Today, it was the adult Cooper's hawk that also has been witnessed catching pigeons. She tried twice, an hour apart but, also did not catch a pigeon. She also caught a soar around 11:30 with the local vultures and moved on east. She 'may' have caught a pigeon during the first flight. I saw her stalk the pigeons from underneath in a typical accipiter ringing flight, following the pigeons. When the pigeons made a break for the buildings. I say her start a stoop and I did not see her again for an hour. Hopefully she had caught her meal and went for a mid-day soar.
Wednesday, October 27, 2010
Yesterday, When I was hazing pigeons with my hawks. The immature red-tail that I saw before was soaring around. Making the pigeons nervous. I attempted to flush the pigeons in position for the wild red-tail to have a chance to catch. She just kept soaring into the thermal around the downtown building and eventually away. She also was seen feeding on a squirrel this past friday in the local greenspace park. Great to see a young red-tail doing well.
Wednesday, October 20, 2010
Local pigeons have taken started hanging around the window ledges of a 19 story office building in the center of downtown. They only stay for a few hours, starting the mid-morning but their droppings fall right on people walking in and out of the building. The key for any urban bird abatement job is getting the hawks higher than the pigeons for effectiveness. Flying raptors from the roof of the building is essential for this method to work. So, access to the roof and all areas of the building is crucial for a successful program. Spotters are placed at the lower surrounding building, so the hawk can be placed to move back and forth to intimidate the pigeons on the upper ledges as they move around the building. The pigeons nervously shift and move around, but get the idea and move on. Yesterday, a wild immature red-tail visited the Harris' hawks while weathering prior to their shift. Then later, the red-tail became our assistant with the pigeon hazing. As the pigeons flushed from the building for the last time. The red-tail grabbed one for it's daily meal and headed to the local greenspace/park for a meal. I was told of a hawk grabbing a pigeon and feeding in the park. I just had to see which species it was and was directed to it's location. I saw it munching on the pigeon from the branch of a mature live oak tree. All the while people were outside enjoying the beautiful fall day. Today, a wild Cooper's hawk was spotted across the street, also trying to catch a pigeon. She almost flew into a window. Hawk shaped decals on the outside of windows, or having a one way viewing film, (so the hawk cannot see through the window) helps prevent bird deaths on city buildings.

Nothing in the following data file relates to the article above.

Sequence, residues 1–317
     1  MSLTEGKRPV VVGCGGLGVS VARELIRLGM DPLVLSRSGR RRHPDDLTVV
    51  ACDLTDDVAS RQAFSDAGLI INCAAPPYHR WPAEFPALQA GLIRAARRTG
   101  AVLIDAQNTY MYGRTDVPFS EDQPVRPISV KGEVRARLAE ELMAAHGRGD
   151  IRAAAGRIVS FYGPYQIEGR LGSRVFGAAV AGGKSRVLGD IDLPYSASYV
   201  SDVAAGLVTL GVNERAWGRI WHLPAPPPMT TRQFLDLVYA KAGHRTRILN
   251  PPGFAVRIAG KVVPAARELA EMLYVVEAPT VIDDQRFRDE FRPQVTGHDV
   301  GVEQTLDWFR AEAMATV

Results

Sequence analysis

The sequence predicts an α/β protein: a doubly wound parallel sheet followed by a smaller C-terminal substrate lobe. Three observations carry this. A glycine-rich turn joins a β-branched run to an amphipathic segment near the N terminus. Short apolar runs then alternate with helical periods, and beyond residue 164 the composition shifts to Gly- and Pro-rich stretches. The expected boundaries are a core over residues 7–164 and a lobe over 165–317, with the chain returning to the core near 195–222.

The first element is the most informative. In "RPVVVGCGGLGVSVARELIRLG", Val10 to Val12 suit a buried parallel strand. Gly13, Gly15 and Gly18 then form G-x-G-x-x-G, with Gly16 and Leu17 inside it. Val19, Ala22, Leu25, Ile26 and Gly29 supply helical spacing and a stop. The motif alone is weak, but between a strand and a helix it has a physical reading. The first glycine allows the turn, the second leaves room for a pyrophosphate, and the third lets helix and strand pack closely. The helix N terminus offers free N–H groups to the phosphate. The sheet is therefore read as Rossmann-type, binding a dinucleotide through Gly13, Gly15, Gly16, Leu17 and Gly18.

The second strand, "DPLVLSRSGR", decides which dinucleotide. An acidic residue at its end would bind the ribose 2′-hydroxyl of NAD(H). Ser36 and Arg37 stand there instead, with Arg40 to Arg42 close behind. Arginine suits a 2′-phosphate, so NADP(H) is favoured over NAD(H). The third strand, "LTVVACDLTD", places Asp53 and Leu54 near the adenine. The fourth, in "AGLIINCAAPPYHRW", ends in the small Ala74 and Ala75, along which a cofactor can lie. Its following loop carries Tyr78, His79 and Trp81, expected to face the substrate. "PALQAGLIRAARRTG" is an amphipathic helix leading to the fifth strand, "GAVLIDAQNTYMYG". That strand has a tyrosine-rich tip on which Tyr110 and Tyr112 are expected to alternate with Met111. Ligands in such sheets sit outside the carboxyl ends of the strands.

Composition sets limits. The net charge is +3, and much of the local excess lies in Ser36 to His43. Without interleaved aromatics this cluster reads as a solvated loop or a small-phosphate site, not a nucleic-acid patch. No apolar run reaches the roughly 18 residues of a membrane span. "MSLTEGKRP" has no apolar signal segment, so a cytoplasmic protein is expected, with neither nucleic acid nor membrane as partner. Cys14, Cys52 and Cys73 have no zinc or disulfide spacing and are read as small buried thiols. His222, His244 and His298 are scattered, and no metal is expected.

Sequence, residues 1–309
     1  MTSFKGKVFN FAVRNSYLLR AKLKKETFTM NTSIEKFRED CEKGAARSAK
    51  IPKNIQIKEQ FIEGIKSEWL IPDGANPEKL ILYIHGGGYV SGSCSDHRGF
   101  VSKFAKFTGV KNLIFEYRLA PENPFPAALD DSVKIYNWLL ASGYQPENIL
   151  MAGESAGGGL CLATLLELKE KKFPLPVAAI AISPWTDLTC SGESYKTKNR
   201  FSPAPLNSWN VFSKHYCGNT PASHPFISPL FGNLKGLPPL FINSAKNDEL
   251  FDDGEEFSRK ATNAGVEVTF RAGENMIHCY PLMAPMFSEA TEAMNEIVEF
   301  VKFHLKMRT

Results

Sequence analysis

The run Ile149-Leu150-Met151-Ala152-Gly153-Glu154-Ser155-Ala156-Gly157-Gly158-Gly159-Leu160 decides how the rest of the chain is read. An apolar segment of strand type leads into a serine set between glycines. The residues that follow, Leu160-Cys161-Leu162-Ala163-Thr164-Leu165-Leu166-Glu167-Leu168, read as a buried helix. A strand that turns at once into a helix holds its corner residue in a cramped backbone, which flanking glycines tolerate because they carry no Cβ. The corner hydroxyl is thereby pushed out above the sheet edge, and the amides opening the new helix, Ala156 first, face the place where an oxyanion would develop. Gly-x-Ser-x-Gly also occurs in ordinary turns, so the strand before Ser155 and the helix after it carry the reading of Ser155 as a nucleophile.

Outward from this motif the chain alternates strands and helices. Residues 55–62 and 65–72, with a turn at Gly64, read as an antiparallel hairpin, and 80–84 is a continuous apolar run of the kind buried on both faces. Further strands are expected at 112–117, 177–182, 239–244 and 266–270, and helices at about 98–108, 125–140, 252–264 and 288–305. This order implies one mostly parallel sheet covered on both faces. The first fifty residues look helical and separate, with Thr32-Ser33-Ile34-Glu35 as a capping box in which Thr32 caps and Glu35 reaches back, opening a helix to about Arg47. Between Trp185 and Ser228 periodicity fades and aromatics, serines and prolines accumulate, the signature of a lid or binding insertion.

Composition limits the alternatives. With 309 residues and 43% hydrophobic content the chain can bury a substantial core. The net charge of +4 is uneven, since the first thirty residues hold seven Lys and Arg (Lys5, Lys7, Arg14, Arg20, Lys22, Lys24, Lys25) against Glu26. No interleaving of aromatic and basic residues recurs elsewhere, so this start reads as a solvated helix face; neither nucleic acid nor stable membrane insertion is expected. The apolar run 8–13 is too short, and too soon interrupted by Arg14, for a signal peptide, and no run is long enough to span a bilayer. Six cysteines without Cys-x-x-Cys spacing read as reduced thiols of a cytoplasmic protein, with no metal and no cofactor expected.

Monday, September 27, 2010
Canadian study comparing the efficiency of several bird control and hazing methods. Falconry based abatement was ranked as one of the most effective.
Thursday, August 12, 2010
Here is the hawks in position on patrol. Note the T posts on the Kubota for the birds to have excellent height. They are moved around on the back of the Kubota and they are trained to fly in and out of the boxes. During the mid-day. They are given a bath and shower back at the camper. They really enjoyed their stay on the farm (as well as I) and we all got in good shape.
Tuesday, April 20, 2010
For the Blueberries, I'm using both hawks and falcons. The hawks are Harris' hawks. They are not intimidated by local nesting raptors. And the best part, is I can have all of them out on patrol at the same time. The effect in on the waxwings is less dramatic than having a falcon fly around, but the hawks can be out for hours at a time. The falcon will fly for short intervals, then has to rest. (Flying takes up a LOT of energy). Even wild birds are on the wing only about 20% during the day). I then fly the falcon during peak, heavy foraging (early a.m.). Then hawks then hang around all day long. They are enjoyable to have around and we enjoy our day together.
This is a problem for blueberry producers. Spring migration brings Cedar Waxwings through Florida. The spring blueberries are the perfect food for them. They are very hard to deter from feasting on the blueberries and knocking them to the ground. Here is a photo of a small group of Cedar Waxwings during the beginning of the harvest. The waxwings become larger in number, as the crop ripens.